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Mr. Leslie: Briefly, clause 37 and schedule 8, which it introduces, together provide for the jurisdiction of the UK supreme court, and transfer over the current arrangements, ensuring that they are preserved. Effectively, that is what clause 37 does, and I commend it to the Committee.
The usual concerns are raised regarding the independence of the judiciary from the legislature. A convention already exists, however, in relation to the present Law Lordsthat they will exclude themselves from debates and voting in circumstances where this is properly left to the remaining Members of the other place. As Lord Bingham of Cornhill's statement in 2000 made clear, the Law Lords will not speak or vote on matters which are strongly party political or which they believe would affect their ability to judge a case involving the matters under discussion. If an issue arises in a case as a result of a comment that a Law Lord has made during a debate, the Law Lord in question will not hear that case. That does not take us outside the general principle that the senior judiciary must be careful not to be seen to prejudice their judicial work through extra-judicial activities, an example being the giving of opinions in lectures.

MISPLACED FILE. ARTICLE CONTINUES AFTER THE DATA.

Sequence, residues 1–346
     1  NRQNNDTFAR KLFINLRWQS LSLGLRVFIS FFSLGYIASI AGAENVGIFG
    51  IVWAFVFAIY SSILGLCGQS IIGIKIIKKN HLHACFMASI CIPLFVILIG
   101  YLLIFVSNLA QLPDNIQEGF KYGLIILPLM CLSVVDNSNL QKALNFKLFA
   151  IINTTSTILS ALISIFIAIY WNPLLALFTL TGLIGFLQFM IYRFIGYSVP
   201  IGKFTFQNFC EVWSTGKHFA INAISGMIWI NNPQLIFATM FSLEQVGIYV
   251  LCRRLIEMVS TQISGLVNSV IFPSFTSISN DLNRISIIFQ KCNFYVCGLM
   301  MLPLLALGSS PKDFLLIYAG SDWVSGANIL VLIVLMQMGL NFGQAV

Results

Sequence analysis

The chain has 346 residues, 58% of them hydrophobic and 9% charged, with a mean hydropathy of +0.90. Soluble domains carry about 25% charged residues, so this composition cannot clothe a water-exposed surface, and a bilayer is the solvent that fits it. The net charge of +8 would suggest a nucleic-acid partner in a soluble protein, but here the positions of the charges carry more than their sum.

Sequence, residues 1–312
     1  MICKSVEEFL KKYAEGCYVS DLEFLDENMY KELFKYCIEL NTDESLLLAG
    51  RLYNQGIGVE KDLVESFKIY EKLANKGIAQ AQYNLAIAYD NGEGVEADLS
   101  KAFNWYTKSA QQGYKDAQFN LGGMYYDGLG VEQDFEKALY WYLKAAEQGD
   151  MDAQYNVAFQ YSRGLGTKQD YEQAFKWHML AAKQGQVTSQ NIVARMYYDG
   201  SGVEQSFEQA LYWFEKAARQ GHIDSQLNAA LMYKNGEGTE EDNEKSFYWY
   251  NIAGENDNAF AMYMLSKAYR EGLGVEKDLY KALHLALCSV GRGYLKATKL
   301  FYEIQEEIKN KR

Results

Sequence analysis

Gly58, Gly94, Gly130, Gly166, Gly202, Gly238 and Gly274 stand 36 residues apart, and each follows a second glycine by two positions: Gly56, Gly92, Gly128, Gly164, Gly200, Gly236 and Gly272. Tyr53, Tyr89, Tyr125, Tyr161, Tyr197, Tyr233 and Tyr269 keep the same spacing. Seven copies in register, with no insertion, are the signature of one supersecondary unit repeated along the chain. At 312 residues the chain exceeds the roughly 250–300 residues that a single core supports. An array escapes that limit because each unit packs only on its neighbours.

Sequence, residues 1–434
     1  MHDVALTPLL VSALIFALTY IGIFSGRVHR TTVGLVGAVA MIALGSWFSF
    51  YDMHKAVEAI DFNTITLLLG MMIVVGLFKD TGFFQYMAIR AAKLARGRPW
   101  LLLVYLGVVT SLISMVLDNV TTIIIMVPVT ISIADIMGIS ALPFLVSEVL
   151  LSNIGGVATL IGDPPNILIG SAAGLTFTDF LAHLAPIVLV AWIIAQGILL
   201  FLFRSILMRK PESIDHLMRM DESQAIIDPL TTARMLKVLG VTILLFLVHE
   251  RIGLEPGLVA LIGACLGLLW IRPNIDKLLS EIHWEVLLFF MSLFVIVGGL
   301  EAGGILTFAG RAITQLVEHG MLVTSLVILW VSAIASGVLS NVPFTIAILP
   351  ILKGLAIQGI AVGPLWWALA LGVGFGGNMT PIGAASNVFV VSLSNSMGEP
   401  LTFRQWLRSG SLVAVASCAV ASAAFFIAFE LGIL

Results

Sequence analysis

The input of the current Law Lords is highly valued in the scrutiny of legislation, particularly in Committee, where they bring their technical experience of interpreting legislation. In addition, they contribute informed criticism on social issues, drawing on their practical experience in the courts. They also help to promote the type of legal reform measures that can sometimes be a low legislative priority for Governments.
All that being the case, there is little weight to the argument that the Law Lords, or if necessary their successors in the supreme court, could not maintain or be seen to maintain their independence in judicial matters, and therefore need to be excluded from the other place. As Lord Hope of Craighead said in Committee in the other place, the most that any perceived imperfections in this area might call for is a Standing Order to formalise the successful present conventions. However, I am afraid that that would play into this Government's mindset of total disregard for our conventions, which have served us well in years gone by and still do so today. I have no doubt that the quality of debate in the other place, particularly on legal issues, will be much reduced as a result of the Bill. That is highly regrettable.